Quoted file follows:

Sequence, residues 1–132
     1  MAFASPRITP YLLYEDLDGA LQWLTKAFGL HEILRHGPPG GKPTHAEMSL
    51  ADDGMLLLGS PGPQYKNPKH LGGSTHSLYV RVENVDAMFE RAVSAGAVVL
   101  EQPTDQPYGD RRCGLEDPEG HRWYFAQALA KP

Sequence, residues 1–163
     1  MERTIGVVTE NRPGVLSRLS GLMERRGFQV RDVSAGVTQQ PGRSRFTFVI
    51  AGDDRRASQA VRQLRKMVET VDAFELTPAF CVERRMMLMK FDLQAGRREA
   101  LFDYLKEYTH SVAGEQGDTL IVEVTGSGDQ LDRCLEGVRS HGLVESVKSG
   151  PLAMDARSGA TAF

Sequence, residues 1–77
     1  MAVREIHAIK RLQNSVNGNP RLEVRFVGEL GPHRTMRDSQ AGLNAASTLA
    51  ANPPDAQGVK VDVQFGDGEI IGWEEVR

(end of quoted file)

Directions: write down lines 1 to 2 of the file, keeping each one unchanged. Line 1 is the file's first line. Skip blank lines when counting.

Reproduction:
Sequence, residues 1–132
     1  MAFASPRITP YLLYEDLDGA LQWLTKAFGL HEILRHGPPG GKPTHAEMSL